Yes, they got their victory. Pyrrhic one, that is for now they're out that money, AND it's not like the company can pay legal fees any more. Hope they liked their moral victory - because if the lawyers have their way, they're first in line and everyone else gets the scraps.

I suppose for some people, getting 5 cents now is better than getting a dollar paid out over a year or so.

Comment: Re: data caps (Score 1) 39

by tlhIngan (#49814809) Attached to: Android, Chromecast To Get HBO Now

By the time something similar is offered, hopefully ipv6 (ok, I lol a touch as I type that) will fill the need (it has multi cast I think).

Then you'll have to buy IPv6 capable DVRs. But cable companies are moving that "into the cloud" (in fact, streaming services can be considered a form of DVR in the cloud), so unless you go tell your DVR to record some IP address at some time or you'll miss it... which seems to defeat the entire purpose of streaming a show. (And really, the chances two people will stream the same show at the same time is probably quite slim, so either your DVR has to spy on you and opportunistically catch it ahead of time, or it'll sit there for a few minutes while it hopes others will join in on the stream).

Comment: Re:Of course it bombed (Score 4, Interesting) 203

by tlhIngan (#49812717) Attached to: Tron 3 Is Cancelled

America, you will be getting all your science fiction and fantasy in Avengers form in Galactic Basic. This is a win if you like big scifi movies that make billions of dollars, it's a loss if you liked a little bit of diversity in your movies. Disney will now double down on sequels and reboots.

That's everyone, actually. Sci-Fi is hard, and original sci-fi even harder.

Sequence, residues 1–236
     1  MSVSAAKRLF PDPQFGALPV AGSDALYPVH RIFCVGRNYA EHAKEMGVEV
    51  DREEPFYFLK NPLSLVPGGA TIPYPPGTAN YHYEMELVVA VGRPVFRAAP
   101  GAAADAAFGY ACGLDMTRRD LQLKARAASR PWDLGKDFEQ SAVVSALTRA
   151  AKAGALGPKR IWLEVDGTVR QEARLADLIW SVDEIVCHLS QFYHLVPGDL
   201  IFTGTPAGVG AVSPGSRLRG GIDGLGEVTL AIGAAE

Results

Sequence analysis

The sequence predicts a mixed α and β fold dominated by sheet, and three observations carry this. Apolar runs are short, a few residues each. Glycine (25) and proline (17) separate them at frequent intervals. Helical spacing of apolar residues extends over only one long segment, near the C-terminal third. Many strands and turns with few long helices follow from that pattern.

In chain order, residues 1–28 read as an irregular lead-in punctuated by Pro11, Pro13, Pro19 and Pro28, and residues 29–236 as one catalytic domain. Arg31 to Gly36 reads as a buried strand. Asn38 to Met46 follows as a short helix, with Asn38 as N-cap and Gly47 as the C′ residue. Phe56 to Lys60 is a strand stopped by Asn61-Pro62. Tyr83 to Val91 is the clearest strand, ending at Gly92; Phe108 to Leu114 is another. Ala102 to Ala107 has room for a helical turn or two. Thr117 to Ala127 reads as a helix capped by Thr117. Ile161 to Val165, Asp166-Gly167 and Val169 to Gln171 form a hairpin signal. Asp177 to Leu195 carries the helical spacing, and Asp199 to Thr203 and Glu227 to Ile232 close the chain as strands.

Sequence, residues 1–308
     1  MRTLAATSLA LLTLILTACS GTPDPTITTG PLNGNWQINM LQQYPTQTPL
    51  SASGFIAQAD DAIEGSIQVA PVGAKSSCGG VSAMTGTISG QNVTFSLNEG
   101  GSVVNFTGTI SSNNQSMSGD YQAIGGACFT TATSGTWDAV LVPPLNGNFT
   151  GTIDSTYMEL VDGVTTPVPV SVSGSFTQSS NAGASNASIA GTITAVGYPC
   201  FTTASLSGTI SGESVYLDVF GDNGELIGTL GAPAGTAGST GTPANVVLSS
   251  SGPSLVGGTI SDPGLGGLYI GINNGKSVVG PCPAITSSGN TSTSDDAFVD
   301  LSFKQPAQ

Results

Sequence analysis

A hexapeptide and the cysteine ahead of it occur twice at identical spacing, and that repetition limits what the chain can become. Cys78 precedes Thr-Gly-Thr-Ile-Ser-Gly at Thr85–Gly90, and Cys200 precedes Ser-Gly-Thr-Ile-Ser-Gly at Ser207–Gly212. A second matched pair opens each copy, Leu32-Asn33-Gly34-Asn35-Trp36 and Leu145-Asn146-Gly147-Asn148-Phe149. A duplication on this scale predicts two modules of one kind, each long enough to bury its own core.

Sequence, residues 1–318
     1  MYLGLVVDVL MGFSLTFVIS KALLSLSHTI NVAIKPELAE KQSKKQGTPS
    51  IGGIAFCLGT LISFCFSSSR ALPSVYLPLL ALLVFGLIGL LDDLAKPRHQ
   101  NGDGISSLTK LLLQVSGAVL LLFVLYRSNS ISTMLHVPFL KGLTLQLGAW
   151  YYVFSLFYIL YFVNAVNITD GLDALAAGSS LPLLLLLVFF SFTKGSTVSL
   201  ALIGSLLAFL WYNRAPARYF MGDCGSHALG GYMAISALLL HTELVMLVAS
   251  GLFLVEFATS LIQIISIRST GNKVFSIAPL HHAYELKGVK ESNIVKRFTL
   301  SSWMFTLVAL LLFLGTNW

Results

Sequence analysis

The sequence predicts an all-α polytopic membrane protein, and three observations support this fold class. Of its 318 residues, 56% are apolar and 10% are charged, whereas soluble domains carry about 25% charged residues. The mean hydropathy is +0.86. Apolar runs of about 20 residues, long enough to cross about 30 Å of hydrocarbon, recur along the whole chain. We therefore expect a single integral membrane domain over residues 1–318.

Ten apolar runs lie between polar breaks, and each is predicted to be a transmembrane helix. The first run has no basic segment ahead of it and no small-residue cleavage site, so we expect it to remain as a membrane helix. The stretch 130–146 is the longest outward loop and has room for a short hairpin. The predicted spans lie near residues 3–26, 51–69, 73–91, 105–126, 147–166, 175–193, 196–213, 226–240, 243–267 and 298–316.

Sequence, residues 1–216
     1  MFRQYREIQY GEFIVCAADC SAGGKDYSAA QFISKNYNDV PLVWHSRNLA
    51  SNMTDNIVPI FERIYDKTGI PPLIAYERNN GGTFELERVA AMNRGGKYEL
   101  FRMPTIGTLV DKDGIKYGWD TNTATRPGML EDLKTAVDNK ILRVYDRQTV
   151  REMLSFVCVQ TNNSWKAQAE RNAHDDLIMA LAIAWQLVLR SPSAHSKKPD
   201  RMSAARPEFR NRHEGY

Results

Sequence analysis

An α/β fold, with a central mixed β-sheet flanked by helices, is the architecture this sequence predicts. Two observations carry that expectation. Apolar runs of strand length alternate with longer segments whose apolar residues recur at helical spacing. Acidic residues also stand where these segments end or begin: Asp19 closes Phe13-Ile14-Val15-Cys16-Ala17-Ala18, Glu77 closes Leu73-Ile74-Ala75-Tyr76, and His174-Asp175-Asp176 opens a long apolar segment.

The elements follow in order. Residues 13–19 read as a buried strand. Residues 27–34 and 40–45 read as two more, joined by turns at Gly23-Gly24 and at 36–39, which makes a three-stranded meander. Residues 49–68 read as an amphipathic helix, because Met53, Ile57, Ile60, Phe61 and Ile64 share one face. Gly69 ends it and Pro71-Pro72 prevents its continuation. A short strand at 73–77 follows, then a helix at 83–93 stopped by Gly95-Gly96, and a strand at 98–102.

It's so bad that the reason Hollywood avoids original stuff is because it usually does badly. Either it doesn't click, or other thing. Either way, original stuff is risky, and despite everyone's call for "More originals less sequels!", that is not translating into asses in seats. Which is the only factor that matters.

Now, sometimes it's just bad (like Tomorrowland), but it's original. And it's probably Disney's attempt at trying something new to see if it works. Since it bombed, that just means more Avengers 3, Guardians of the Galaxy 2, and other stuff. Stuff original - that doesn't make money and is far more risky. Or in general, the people who request "original" films generally don't belong to the set of people who buy tickets.

Even a rather decent movie like Edge of Tomorrow (rebranded as Live Die Repeat) failed to do "well" - which basically means the death of anything original.

It's useless to call for more original films - Hollywood believes that the two groups (people who call for original films instead of sequels and rehashed plots. and movie goers) are two distinct sets.

Comment: Re:that's what spy agencies do (Score 1) 175

Not only spy agencies, heck opensource organizations like Mozilla will fire you if you give money to the wrong organizations. Seriously, we are living in the liberal fascist state.

Then do what everyone else does - donate and just check the box that marks it anonymous.